Furthermore, as digitally created cartoon Great Dane-Labrador-Doberman mutts go, this film's Scooby is terrific. I mean, it's not like there's some real-world model to compare Scooby against, but even though the voice (by Scott Innes) doesn't sound quite right to me, his sweet nature, naïveté, boundless appetite for Scooby snacks and cowardly-noble heroism have survived intact. As the Tiki-cult people understand all too well, Scooby is a pure soul. Besides, when the plot requires him to wear a grandma dress (never mind why), he looks more like a woman than Martin Lawrence did in "Big Momma's House."

So the Mystery Inc. gang is reunited, naturally enough, to investigate strange occurrences at a haunted amusement park, to which they are summoned by Emile Mondavarious (the expertly slithery Rowan Atkinson), who is, as Velma puts it, "the reclusive owner of Spooky Island." Shaggy announces that he and Scooby will no longer venture anywhere whose name includes the words Spooky, Haunted, Terror or Horror, but you know how that goes. You have to hope that the fact that Fred, Daphne, Velma, et al., leave home on a plane and arrive at Spooky Island on a boat is deliberate. Either way it's a subtle clue that things are not quite right.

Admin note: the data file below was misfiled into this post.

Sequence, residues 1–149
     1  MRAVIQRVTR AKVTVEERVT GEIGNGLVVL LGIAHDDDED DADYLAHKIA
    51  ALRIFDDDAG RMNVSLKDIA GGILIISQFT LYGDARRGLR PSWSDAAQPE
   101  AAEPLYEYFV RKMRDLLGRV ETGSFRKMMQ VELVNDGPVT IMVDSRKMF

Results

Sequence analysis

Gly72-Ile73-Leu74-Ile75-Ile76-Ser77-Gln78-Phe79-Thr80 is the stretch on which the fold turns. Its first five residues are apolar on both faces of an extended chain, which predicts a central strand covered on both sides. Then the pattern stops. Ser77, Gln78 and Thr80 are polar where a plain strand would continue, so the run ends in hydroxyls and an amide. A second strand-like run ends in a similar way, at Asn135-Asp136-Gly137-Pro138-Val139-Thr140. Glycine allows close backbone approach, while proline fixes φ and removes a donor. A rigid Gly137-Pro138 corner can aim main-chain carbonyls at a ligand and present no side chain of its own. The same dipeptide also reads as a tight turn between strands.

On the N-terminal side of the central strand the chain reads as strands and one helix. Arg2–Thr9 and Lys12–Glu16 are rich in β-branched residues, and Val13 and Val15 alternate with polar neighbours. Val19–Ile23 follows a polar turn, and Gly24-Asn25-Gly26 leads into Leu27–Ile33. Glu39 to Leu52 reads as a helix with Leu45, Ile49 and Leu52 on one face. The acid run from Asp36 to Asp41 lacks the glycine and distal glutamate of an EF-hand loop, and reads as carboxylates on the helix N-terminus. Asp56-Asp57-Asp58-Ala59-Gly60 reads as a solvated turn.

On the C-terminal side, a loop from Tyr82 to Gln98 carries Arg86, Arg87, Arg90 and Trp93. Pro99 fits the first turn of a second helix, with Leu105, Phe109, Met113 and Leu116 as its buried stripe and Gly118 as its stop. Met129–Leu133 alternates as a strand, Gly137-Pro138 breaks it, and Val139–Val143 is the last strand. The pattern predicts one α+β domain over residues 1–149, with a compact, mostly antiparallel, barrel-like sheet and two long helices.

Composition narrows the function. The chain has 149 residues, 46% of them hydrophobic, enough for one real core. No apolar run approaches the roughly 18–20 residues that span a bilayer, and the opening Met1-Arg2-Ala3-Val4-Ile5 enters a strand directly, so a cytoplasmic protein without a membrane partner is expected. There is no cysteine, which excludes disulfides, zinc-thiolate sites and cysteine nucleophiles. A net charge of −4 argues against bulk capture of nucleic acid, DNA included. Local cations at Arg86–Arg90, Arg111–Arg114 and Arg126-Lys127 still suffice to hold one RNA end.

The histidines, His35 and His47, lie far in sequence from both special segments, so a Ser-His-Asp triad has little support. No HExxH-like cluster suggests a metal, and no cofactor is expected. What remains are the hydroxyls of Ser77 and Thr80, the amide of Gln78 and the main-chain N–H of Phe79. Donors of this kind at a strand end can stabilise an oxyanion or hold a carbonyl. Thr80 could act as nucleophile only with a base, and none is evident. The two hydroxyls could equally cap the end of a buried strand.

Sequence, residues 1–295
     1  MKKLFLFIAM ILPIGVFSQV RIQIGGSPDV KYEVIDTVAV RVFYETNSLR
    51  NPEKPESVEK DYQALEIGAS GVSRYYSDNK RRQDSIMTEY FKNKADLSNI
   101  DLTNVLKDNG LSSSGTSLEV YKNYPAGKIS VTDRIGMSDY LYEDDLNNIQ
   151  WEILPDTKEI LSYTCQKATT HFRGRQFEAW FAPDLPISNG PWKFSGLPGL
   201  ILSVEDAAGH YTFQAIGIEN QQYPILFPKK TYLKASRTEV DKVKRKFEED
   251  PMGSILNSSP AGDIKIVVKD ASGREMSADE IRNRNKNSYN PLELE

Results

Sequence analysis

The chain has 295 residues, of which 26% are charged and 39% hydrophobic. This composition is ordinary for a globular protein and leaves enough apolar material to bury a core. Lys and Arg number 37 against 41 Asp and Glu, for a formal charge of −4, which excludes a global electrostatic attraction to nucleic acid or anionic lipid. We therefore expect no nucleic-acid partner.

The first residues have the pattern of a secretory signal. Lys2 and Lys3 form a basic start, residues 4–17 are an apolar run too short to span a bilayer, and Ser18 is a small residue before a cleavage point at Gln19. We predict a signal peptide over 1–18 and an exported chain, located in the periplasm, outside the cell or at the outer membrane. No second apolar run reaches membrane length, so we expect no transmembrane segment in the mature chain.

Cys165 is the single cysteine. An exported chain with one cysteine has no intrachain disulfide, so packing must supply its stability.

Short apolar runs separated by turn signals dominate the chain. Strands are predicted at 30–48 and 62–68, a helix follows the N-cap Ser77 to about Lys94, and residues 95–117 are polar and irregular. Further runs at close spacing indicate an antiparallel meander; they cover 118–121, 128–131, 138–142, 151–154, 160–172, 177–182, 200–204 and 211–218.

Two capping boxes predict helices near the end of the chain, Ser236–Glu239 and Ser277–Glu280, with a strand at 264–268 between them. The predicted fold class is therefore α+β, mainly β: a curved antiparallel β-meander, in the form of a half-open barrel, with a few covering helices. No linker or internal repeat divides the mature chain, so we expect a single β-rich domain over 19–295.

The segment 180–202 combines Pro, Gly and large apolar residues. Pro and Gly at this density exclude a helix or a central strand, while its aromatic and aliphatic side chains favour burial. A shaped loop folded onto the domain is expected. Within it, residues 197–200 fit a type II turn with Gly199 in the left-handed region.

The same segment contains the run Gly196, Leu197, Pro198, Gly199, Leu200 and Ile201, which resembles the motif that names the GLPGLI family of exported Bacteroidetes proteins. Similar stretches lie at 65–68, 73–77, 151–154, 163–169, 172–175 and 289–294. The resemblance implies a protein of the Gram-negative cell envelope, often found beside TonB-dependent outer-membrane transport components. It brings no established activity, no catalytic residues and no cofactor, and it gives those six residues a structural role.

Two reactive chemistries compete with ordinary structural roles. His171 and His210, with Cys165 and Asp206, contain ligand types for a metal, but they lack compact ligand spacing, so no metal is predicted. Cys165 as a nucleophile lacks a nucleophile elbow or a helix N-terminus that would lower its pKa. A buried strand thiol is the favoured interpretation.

The teenagers who show up to get wild on Spooky Island are being rendered into mindless zombies who talk in 2002 faux hip-hop lingo, which of course confuses our heroes and creates the opportunity for somebody to greet Scooby by saying, "What up, dog?" Possibly the park was built on a land of ancient demons: "While you party, they plot their revenge!" explains some guy in "Survivor" face paint. Then we get little snippets of grotesquerie ripped off from David Lynch, David Cronenberg and even Peter Greenaway. And we see an evil magic box right out of the "Hellraiser" movies ("Hmm," says Velma, "these inscriptions are reminiscent of ancient pandaemonist texts") and overgrown versions of the "Gremlins" critters.

OK, so the flatulence contest between Shaggy and Scooby is a little lowbrow even for me. (On the other hand, flatulence inside a medieval suit of armor, complete with resonant sound effects -- now that's brilliant.) But for the most part I laughed myself sick through the four-wheelin' chase scenes, the teach-yourself-English video for alien monsters, and Scooby's attempts to convince Shaggy that his new girlfriend is really a hideous demon. How will Mystery Inc. adapt to facing genuine ghoulies and ghosties? (As Fred observes, "Our area of expertise is nut jobs in Halloween masks.") Well, I won't reveal any more of the dark plot, but I would have gotten away with it if it weren't for those meddling kids.

Andrew O'Hehir

Andrew O'Hehir is executive editor of Salon.